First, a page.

Writer's Advice

Writer’s Advice

One of the most difficult parts of writing a story is the plot - it can weigh on you for hours until you finally work it out, or writer's block comes calling and you're forced to leave it. It's often tempting to just write using the few ideas you have and disregard a formed storyline altogether, but although professional writers sometimes do this, it's a bit harder for us novices, and often results in half-decent material. So, how can you form a simple plot so you can begin writing in a short space of time?

Step One:
Lay out your starting concept ideas for the book. You'll need to elaborate these before you start forming a storyline so you can add characters who are involved with the concepts, etc. (this is particularly important when creating fantasy worlds).

Step Two: Write down all of your existing plot points and elaborate them. A brainstorming session is always good - you'll find ideas come to you if you stick at it and explore your inspiration. However, if you haven’t got any plot ideas and only have the concepts, it may be best to complete step three before coming back to this.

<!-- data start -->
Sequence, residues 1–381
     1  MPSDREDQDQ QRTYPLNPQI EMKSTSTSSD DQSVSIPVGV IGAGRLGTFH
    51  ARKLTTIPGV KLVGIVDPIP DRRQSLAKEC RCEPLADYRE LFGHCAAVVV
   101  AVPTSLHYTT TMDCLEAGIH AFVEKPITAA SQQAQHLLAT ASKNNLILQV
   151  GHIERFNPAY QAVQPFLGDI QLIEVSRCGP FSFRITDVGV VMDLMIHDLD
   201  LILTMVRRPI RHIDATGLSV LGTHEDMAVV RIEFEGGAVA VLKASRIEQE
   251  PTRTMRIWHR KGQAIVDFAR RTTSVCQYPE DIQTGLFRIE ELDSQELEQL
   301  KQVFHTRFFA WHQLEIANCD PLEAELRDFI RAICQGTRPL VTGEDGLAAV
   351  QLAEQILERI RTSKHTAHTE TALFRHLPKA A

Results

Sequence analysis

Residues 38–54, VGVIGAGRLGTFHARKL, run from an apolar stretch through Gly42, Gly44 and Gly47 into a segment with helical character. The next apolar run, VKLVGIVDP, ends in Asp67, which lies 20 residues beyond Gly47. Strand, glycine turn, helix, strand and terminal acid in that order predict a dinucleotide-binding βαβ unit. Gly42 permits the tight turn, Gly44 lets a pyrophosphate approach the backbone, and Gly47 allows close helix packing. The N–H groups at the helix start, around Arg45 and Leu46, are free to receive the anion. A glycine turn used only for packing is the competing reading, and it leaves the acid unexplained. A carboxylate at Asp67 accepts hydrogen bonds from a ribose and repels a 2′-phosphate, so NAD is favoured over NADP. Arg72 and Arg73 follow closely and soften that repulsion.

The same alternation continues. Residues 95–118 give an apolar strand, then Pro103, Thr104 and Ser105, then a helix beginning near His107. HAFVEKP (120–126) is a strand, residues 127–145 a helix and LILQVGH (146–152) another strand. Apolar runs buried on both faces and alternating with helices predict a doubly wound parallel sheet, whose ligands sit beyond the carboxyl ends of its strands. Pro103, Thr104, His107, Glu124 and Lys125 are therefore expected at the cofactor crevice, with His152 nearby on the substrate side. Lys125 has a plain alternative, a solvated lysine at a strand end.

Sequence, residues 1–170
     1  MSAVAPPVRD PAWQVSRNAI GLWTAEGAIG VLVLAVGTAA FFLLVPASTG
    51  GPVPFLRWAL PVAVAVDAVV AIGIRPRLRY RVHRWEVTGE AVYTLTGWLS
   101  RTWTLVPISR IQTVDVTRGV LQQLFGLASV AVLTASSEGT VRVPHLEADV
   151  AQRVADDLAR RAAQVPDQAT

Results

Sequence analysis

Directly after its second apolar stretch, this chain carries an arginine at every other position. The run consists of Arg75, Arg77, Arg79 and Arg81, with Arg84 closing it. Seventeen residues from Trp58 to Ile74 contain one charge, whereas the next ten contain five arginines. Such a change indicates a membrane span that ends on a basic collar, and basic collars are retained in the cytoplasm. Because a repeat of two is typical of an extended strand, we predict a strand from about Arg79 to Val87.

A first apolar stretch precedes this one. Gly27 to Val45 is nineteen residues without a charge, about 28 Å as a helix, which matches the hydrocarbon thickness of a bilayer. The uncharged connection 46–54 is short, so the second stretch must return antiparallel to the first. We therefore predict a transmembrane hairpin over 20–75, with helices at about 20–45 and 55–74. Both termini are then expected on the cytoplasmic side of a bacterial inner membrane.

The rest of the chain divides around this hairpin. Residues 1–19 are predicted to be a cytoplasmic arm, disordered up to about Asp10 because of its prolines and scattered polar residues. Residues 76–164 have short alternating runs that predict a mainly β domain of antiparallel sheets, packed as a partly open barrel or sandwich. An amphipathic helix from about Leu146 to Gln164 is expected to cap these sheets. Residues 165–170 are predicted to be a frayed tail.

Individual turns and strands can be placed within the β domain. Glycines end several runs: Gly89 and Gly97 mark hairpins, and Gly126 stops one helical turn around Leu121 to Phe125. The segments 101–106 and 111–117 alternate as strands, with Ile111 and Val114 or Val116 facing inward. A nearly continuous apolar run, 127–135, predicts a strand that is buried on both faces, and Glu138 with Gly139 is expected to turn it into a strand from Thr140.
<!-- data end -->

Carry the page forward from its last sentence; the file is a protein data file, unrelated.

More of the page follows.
Step Three: Get your characters sorted. The more characters you have, the more possibilities for plot points, particularly if your book is set in just a few places (i.e. with a Harry Potter fan fiction the locations may primarily be Hogwarts and Hogsmeade). Start with the main character and go from there to weave more people into different parts of the story. Of course, don’t overdo it, just get a main set of characters fleshed out with backstories and personalities.

Step Four: Complete a rough synopsis of the book. Using your already listed concepts, plot points and characters to construct a piece detailing all major/important moments in your book and giving a rough idea of the storyline. Make sure you know how the story will end as well - it’s a must when anyone is writing and gives you an idea of what to aim for.

Step Five: Create a chapter plan. This isn’t a must, but I’ve found it really helps me and makes sure you know exactly what you’re doing when writing. Looking at the synopsis, work your way through the plot working out roughly what will happen in each chapter - not absolute detail, just enough to make sure you know what the plot entails chapter by chapter.

Those five steps should lead you up to a point where you have a plot figured out, including characters and concepts, and, as you write, you’ll obviously come up with more ideas and details to include. So, best of luck with your plots and projects!

Lilia Le Fay